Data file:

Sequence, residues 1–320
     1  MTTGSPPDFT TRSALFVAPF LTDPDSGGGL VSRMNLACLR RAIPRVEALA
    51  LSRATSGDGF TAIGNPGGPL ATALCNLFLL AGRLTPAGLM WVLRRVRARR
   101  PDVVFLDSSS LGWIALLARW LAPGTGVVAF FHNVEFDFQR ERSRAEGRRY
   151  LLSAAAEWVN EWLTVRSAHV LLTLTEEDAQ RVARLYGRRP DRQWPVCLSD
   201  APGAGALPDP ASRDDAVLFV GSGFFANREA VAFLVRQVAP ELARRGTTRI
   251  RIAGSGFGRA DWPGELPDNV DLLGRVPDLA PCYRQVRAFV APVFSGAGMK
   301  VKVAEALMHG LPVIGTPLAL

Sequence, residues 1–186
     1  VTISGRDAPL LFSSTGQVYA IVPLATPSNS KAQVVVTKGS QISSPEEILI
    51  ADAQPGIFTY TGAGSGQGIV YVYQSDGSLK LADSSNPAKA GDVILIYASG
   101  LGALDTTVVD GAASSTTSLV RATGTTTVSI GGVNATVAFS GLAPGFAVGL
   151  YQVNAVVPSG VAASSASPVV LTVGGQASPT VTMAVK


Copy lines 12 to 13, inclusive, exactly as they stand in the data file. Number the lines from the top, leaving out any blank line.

   101  LGALDTTVVD GAASSTTSLV RATGTTTVSI GGVNATVAFS GLAPGFAVGL
   151  YQVNAVVPSG VAASSASPVV LTVGGQASPT VTMAVK